We haven’t had a sustained period of price rises for years. Could the coronavirus be the catalyst that finally lets inflation loose? Now may be a useful time for investors to think through the portfolio implications of a more inflationary environment.
The massive stimulus implemented by central banks to help economies recover from COVID-19 has sparked speculation in some quarters that inflation may follow. Traditional economic theory certainly suggests that a major expansion of central banks’ balance sheets should drive up prices.
However, the relationship between money supply and inflation only holds over multi-decade periods. In the shorter term, inflation is tough to predict. That was amply demonstrated following the 2008/9 Global Financial Crisis (GFC), when widespread forecasts that prices would start increasing – in response to super-accommodative monetary policies – proved wide of the mark.
That inflation has been subdued in the decade since partly explains why many investors seem sanguine about the inflation outlook now. We hesitate to write these words, but this time it could be different: we see a significantly higher risk of inflation in the next 10 years than in the last 10.
OECD inflation (CPI) 1971 - 2019
Remember ‘Helicopter Ben’? That was the nickname given to former US Federal Reserve Chairman Ben Bernanke, whose strategy following the GFC was to shower the US economy with money. Partly because of his policies, the US monetary base expanded 5.5x between January 2008 and November 2020, while the Consumer Price Index rose only 20%.
So why haven’t prices increased in response to the expansion of the money supply? One theory is that, to get going, inflation requires a double-whammy of monetary expansion and the right policy environment. Specifically, governments must be:
We didn’t have these twin policies following the GFC. But we do now, implemented by governments trying to deal with the immense economic and social challenges of the pandemic.
Two other developments make inflation more likely:
In combination, these factors could finally unleash the inflationary consequences of the money-supply expansion following the GFC and the coronavirus pandemic.
That said, we don’t expect a re-run of the soaraway prices of the 1970s. That type of inflationary episode is extremely unusual, because it requires a set of circumstances that come together only very rarely:
Moreover, certain specific drivers of the 1970s inflation, such as a supply-side oil shock, are unlikely to recur. So we see a very low chance of runaway prices now. Nevertheless, today’s economic and social backdrop, which we explore below, might be conducive of modestly higher inflation than has dominated the post-GFC era to date.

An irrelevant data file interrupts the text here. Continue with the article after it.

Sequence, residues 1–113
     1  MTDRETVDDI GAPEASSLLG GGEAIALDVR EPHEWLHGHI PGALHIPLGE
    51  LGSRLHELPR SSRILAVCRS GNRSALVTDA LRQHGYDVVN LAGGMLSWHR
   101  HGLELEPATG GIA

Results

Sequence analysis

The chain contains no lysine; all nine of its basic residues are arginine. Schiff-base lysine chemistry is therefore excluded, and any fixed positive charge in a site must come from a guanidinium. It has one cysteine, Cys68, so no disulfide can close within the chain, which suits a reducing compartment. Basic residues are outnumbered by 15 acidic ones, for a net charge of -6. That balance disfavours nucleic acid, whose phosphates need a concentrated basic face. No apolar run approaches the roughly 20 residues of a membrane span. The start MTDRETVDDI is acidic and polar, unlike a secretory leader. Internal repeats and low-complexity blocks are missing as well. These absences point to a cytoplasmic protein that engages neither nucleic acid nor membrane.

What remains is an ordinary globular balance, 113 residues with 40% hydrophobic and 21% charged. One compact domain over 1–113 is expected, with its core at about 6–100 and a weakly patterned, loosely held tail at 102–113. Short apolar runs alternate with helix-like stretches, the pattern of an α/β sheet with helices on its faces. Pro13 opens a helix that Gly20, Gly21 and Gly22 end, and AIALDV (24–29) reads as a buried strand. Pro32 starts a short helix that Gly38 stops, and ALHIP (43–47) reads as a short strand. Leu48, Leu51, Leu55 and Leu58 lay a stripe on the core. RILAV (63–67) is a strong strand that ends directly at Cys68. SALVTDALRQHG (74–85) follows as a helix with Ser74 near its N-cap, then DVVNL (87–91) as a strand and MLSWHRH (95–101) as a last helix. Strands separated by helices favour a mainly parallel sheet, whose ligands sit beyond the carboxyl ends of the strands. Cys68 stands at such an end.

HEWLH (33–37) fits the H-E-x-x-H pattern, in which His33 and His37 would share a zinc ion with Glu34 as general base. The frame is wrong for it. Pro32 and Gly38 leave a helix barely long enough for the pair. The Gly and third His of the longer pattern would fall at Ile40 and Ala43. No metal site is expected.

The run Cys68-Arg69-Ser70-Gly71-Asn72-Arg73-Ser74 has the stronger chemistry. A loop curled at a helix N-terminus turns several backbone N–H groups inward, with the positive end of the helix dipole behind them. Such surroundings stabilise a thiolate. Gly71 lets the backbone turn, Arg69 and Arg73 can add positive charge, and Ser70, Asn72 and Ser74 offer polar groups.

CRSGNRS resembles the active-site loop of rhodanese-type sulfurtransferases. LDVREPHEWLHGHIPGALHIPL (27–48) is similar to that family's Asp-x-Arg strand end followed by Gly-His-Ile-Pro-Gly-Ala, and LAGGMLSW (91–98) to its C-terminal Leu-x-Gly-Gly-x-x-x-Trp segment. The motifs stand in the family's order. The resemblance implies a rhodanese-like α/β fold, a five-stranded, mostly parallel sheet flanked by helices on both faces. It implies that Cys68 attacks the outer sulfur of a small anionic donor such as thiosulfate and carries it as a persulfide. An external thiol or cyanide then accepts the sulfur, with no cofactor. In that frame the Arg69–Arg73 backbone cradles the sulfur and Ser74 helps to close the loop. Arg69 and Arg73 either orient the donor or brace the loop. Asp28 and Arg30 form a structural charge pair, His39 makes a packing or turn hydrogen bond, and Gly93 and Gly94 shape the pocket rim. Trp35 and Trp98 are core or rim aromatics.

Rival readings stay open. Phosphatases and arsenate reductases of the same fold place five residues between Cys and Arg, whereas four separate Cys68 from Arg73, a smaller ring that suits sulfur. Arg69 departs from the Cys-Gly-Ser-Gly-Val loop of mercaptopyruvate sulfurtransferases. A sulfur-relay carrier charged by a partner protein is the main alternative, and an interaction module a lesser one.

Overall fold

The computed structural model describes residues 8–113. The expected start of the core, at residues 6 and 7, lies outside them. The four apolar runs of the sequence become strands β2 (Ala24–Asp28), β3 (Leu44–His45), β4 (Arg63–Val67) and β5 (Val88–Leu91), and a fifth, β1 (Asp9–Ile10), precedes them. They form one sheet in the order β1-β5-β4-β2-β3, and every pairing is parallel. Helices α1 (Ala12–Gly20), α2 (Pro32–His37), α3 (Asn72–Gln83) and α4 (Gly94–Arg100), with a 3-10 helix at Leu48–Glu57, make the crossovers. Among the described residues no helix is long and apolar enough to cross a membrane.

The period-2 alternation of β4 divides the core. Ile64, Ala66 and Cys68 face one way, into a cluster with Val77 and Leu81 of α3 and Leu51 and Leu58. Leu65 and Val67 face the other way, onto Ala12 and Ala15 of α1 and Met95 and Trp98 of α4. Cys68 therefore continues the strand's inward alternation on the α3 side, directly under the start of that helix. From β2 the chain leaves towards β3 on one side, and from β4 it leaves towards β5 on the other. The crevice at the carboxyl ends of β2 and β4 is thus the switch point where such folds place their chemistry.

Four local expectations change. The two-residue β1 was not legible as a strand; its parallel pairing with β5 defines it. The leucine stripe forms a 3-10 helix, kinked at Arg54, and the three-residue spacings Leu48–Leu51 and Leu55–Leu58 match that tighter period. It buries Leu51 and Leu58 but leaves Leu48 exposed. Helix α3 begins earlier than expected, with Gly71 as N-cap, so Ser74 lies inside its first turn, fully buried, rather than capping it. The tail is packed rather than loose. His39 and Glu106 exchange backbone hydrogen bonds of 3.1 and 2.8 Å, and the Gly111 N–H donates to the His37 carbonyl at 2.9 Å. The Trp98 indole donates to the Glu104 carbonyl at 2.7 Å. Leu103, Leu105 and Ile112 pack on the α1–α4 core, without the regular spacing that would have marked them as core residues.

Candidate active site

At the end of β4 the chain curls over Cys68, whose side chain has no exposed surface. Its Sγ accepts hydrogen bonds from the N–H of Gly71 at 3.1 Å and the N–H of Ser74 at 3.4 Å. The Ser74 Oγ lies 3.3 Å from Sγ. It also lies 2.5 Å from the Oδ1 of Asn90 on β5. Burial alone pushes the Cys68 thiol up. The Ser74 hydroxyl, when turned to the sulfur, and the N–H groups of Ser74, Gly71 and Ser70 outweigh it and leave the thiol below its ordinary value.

As economist Edward Yardeni has put it, there have been four powerful deflationary forces in recent decades: détente, disruption, debt and demography – to which we would add ‘disparities’. Some are intact, but others are weakening.Détente
If conflict is inflationary, peace is deflationary. The years immediately following the GFC generally featured cooperation among the major global powers.
Status: détente seems to be ending, with superpower competition in security and trade intensifying. This is likely to contribute to inflation pressures.Disruption
The shift to e-commerce is thought to have subdued inflation by increasing price competition (by as much as 0.23% every year, according to one study1). Other disruptive technologies, such as automation and artificial intelligence, are believed to have similar effects.
In the short-term, consumption and GDP growth accelerate when debt levels rise. But in the longer term, increases in household debt have the opposite effect, reducing growth rates. Debt has been rising in much of the West.
Demographic trends – specifically, rising life expectancy and falling birth rates – are thought to be disinflationary. But the jury is out on the extent to which these effects are offset by related trends, such as the growing participation of women in the labour force.
Status: studies suggest demographics’ impact on global growth peaked in the mid-2010s. If that’s right, this check on rising prices should weaken.Disparities
Wealth inequality has increased in recent decades. This depresses inflation because richer people tend to save a bigger proportion of their income; consequently, concentrating wealth in their hands reduces consumption.
Status: intact, but a wild card. Global coordination of tax policy could start to weaken or even reverse the ‘rich-get-richer’ trend.
Taken together, we think these five factors suggest that the outlook is for marginally higher inflation, but still in the context of a period of low inflation.
Finally, we take a deeper dive into the inflation outlook for the US. Several dynamics suggest a higher chance of inflation following the COVID-crisis than after the GFC, including that:
In our view, inflation looks more likely in the US than in other major economies, given the stronger deflationary headwinds in Japan and the eurozone, and China’s more balanced inflationary outlook. We contrast the status of inflationary/deflationary pressures in the US now and following the GFC via the traffic lights below (green is pro-inflationary, red is deflationary, and amber is neutral).
Overall, we think the chances of inflation taking hold in the next decade are significantly higher than they were after the GFC, particularly in the US. Inflationary pressures are mild at present and we don’t expect a return to the 1970s. Moreoever, inflation tends to take time to get going. But investors should keep a close eye on inflationary dynamics and be prepared for how they may affect portfolios. In the next article, Ninety One’s investment teams share their own views on inflation, and explain how inflation would impact different investment approaches and asset classes.